terawatt hours for a given period; often a calendar year or financial year. One terawatt hour of energy is equal to a sustained power delivery of one terawatt for one hour, or approximately 114 megawatts for a period of one year:
Power output = energy / time
1 terawatt hour per year = 1×1012 W·h / (365 days × 24 hours per day) ≈ 114 million watts,
equivalent to approximately 114 megawatts of constant power output.
watt-second is a unit of energy, equal to the
joule. One kilowatt hour is 3,600,000 watt seconds.
While a watt per hour is a unit of rate of change of power with time[iii]), it is not correct to refer to a watt (or watt-hour) as a "watt per hour".
^The energy in climbing the stairs is given by mgh. Setting m = 100 kg, g = 9.8 m/s2 and h = 3 m gives 2940 J. Dividing this by the time taken (5 s) gives a power of 588 W.
^Average household electric power consumption is 1.19 kW in the US, 0.53 kW in the UK. In India it is 0.13 kW (urban) and 0.03 kW (rural) – computed from GJ figures quoted by Nakagami, Murakoshi and Iwafune.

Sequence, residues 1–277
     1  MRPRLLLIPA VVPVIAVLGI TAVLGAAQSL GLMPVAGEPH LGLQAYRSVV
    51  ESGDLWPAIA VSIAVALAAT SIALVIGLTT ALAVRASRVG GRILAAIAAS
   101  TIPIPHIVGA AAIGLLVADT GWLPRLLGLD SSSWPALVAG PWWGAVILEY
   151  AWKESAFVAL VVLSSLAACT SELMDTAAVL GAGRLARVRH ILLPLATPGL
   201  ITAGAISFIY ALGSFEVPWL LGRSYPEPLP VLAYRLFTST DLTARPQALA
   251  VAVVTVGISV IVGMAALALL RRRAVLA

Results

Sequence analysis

^Watts per hour refers to the rate of change of power being used (or generated). For example, a power plant that changes its power output from 100 MW to 200 MW in 15 minutes would have a ramp-up rate of 400 MW/h. Gigawatts per hour are used to characterize the ramp-up required of the
power plants on an electric grid to compensate for loss of output from other sources, such as when
solar power generation drops to zero as the sun sets. See
^Yildiz, I.; Liu, Y. (2018). "Energy units, conversions, and dimensional analysis". In Dincer, I. (ed.). Comprehensive energy systems. Vol 1: Energy fundamentals. Elsevier. pp. 12–13.